Into the cavern: At Luray, there are so many reasons to stay

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The natural wonder of Luray Caverns offers a full day of activities including a garden maze, a ropes course, a collection of museums, and a stunning walk through underground formations. Photo courtesy of Luray Caverns The natural wonder of Luray Caverns offers a full day of activities including a garden maze, a ropes course, a collection of museums, and a stunning walk through underground formations. Photo courtesy of Luray Caverns

Tourist trap: It’s such an ugly term. Of course there’s reason to beware of over-hyped destinations. But—especially with kids in tow—there’s also a certain enjoyment in surrendering, now and then, to the spectacle. I don’t know of anyplace in Virginia where that’s a truer statement than at Luray Caverns. The Caverns, as our guide on a recent tour explained, were discovered by three locals who deliberately set out to hunt for a cavern they could develop as a tourist attraction. That was back in 1878, and given that those discoverers didn’t manage to wrest a profit from their find, they’d probably be even more astonished to see what Luray looks like now.

My two girls and I made the drive up Route 340 to Luray with clear eyes. We knew this was not going to be a brush with an unspoiled wonder; the billboards alone (“Mother Nature’s Finest Interior Decorating”) make that obvious. Still, one look at the complex sprawling around the caverns parking lot told me that the good folks at Luray were going to do their best to keep our attention—and keep me spending cash—all the livelong day. Luray includes a garden maze, a ropes course, a collection of museums, and even an on-site gas station. Oh yeah, and a cavern. We rolled with it. After we bought our tickets—it felt a little like booking air travel—the girls, ages 5 and 8, asked to start in the garden maze.

I’d somehow made it this far in life without entering a maze of any kind, and assumed we’d soon become hopelessly lost, thirsty, and panicked. It didn’t happen, though: As I should have realized, the owners of tourist attractions don’t actually want the tourists to have a terrifying time. They’d sprinkled enough clues throughout the tall passageways to ensure that we could make it out—and they sprinkled us too, with cooling mist. We found our way to all four “goals” and then to the exit with only minor, enjoyable confusion.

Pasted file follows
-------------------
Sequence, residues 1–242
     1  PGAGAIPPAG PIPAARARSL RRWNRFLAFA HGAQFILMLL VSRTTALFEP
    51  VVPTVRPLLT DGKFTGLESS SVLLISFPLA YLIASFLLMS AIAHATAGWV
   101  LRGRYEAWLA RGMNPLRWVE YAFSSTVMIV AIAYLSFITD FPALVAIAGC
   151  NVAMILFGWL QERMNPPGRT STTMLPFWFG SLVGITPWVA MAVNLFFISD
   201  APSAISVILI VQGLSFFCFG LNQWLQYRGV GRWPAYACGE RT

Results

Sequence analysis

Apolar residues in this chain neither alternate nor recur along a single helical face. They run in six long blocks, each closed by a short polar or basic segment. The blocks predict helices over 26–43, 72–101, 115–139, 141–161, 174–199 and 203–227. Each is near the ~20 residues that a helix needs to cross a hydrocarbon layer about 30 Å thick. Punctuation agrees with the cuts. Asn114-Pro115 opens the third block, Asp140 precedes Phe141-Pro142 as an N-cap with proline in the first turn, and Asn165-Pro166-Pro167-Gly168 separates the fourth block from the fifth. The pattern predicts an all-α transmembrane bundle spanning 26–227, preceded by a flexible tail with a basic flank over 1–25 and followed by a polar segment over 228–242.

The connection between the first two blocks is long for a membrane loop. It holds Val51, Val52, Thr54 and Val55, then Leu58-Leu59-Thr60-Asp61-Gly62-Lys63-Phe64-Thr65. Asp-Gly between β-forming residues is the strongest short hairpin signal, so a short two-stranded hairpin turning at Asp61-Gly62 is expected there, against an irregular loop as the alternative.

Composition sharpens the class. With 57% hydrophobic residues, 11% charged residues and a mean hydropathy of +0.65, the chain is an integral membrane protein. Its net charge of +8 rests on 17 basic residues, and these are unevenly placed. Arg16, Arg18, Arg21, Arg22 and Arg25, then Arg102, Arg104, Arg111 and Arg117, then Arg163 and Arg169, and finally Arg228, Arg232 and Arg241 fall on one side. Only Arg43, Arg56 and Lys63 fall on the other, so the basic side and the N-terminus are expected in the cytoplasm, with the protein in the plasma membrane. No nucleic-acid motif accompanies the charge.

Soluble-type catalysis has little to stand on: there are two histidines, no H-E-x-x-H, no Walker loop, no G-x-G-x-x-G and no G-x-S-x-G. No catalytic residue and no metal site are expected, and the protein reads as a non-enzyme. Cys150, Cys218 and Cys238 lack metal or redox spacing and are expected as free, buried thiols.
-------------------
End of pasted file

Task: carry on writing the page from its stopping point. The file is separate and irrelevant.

On to the ropes course. Employees buckled us into harnesses and showed us how to maneuver them through a system of overhead rails as we tiptoed along narrow beams, rungs, and ropes about a gazillion feet in the air. Well, maybe not that high, but high enough to make me seriously nervous on my first couple of passes, as I gripped the sweaty hand of my wobbly 5-year-old. I admit it was a pretty cool moment when we both grew comfortable enough to let go of each other and she took off on her own. Her older sister, meanwhile, gallivanted fearlessly all over the course. We all felt elated when we finally descended.

After a picnic on the lawn, we got in line for a cavern tour. On a day of jarring juxtapositions, none is stranger than this: You’re inside a building, and then you go down some concrete steps and you’re standing in a cavern. The ceiling soars overhead, dripping with stalactites, and an enormous calcite formation, named for George Washington, stands on the floor before you.

Now, let me say that the tour itself at Luray, a mile and a quarter long, is not super-inspired. Our baby-faced, bored-sounding guide recited his script and little else. And I’m glad I wasn’t expecting a geology lesson for my kids, because they didn’t get one. Have I mentioned that Luray Caverns is geared toward tourists? We trudged along brick and concrete paths, obeyed the command not to touch the cave formations, and absorbed a steady stream of quasi-historical lore, all in a pack of 35 or so people.

But it’s hard to ruin a place like this. Luray is a large and astonishing feature of the earth, festooned with every kind of underground formation you could hope to see: stalactites, stalagmites, delicate drapery formations, still-as-glass pools, columns, and flowstone. Even if you ignore the official information, this is the kind of place that makes an impression: It’s a feast for the eyes and a different visual language than we’re used to above ground. The absorption and wonder of kids in such a setting is a good model for the rest of us.


It’s a feast for the eyes and a different visual language than we’re used to above ground.


After exiting the cavern, as you might guess, we were a bit spent. But still there was more—so much more to see! We made a weary attempt to appreciate the Toy Town Junction Museum, home of model trains and historical toys, skipped the Car and Carriage Caravan Museum, and briefly checked out the Luray Valley Museum, which is all about Shenandoah Valley history. All of it was worthwhile enough, but there’s only so much stimulation a family can take in one day.

We’d spent the day as lemmings, true, and the cynical grownup in me sneered a little at the manufactured hokiness of it all. But my kids saw no reason to turn up their noses. They were two very happy tourists.


If You Go

Luray Caverns is open daily 9am-6pm through October; winter hours are 9am-4pm. Tickets for the cavern and museums are $28 for adults and $15 for kids 6-12. The garden maze costs $9 for adults and $7 for kids 6-12. The ropes course is $11 if you’re 48 inches tall or more, $7 if you’re not. For more information, go to luraycaverns.com.

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